6x the Vitamin D, 2x the Vitamin A, and 2x the cholesterol in duck eggs vs chicken eggs. Duck contains about 75% of the Vitamin E in chicken eggs. Duck eggs reportedly also have more Vitamin K2, Duck eggs also are higher in calories for the same weight quantity, probably due to it's slightly higher fat concentration. Also, keep in mind that the eggs of free-range, pastured animals generally have higher levels of vitamins and higher levels of omega-3 fatty acids. The yolks are darker, yellower, indicating a higher nutrient density.


A 100 gm of duck egg will provide about 185 KCal of energy, compared to 149 KCal of energy provided by a chicken egg. Both types of eggs, match each other in terms of carbohydrate content, while the protein content is slightly higher in the duck eggs compared to chicken eggs. The mineral content of duck eggs is very similar. Both contain selenium, manganese, zinc, copper, potassium, sodium, phosphorus, calcium and iron. The duck eggs contain slightly higher amounts of all these minerals.
Same is the case with vitamin content in both of them. The vitamin content too is similar, but duck eggs have a higher amount of each one of them, which includes thiamin, niacin, riboflavin, pantothenic acid, folate, vitamin B6, vitamin D, vitamin E, vitamin A, vitamin B12 and retinol.


100 gm of duck eggs will have about 3.68 gm of saturated fat, compared to 3.1 gm in chicken eggs. The mono unsaturated fat content is about 50% more in duck eggs as against chicken eggs. The amino acid content profile is also similar for both eggs, but again duck eggs contain more of them. The amino acids included are threonine, isoleucine, trytophan, leucine, methionine, lysine, cystine, tyrosine, phenylalanine, valine, serine, glycine, proline, aspartic acid, histidine, alanine, and arginine. The only minus point that duck eggs have is the considerably higher cholesterol content, compared to chicken eggs. 100 gm of duck eggs will contain 884 mg of cholesterol, compared to 425 mg in chicken eggs. That is why, people with history of heart disease should stay away from consuming duck eggs or moderate their intake.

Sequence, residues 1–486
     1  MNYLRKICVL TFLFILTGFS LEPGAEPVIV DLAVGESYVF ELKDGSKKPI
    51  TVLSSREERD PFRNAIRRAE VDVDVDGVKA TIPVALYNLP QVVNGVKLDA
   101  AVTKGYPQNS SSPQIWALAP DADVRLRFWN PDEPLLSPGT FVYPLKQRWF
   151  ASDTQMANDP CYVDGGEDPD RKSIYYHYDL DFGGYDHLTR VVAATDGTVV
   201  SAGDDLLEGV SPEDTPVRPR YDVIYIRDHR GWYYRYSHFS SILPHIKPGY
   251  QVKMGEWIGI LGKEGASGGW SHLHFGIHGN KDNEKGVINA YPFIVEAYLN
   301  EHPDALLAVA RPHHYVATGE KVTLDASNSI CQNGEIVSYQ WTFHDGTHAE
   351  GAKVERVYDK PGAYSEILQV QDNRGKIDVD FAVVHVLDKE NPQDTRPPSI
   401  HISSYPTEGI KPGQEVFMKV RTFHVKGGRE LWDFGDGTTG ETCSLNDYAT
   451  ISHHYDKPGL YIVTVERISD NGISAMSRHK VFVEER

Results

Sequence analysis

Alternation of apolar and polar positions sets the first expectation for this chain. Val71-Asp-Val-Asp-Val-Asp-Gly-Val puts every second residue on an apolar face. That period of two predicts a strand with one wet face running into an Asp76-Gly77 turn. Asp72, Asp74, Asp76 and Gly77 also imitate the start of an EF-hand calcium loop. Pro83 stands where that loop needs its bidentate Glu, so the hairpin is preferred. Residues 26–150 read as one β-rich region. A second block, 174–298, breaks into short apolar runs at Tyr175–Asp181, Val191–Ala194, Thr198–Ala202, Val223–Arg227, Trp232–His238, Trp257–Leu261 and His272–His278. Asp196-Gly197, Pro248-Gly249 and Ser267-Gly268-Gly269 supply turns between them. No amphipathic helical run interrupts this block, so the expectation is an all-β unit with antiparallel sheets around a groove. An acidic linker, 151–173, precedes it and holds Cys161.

Duck Eggs Vs Chicken Eggs: Taste & Utility

Duck eggs provide a taste that is different and tastier than chicken eggs according to most users. Individual tastes might vary, so it is best if you try one out to decide! Every thing that you do with a chicken egg, can be done with a duck egg. That includes scrambling them, poaching and baking. In fact, most expert bakers report that using duck eggs makes their cakes rise higher and provides them with excellent taste due to their high fat content. As the water content in duck eggs is lesser than chicken eggs, you need to be careful not to overcook them, which has a tendency to make them rubbery. The larger water content also makes the duck egg white harder to whip but they are worth the effort. Salted ducks eggs are a popular Chinese recipe that you might want to try out.
http://www.buzzle.com/articles/duck-eggs-vs-chicken-eggs.html




So What About Blood Spots?

A batch of eggs that contain a blood spot or two on them, be it on the yolk (yellow portion) or albumin (white portion), will naturally cause alarm upon seeing these. The blood spots believe it or not, aren't harmful or something that should ring the alarm bell. It is perfectly safe to eat, and can be easily removed using the tip of something sharp like a knife or toothpick. The reason for the blood spots is that the initial stages when the egg forms, finds the developing egg encased within a sack that contains a network of blood vessels.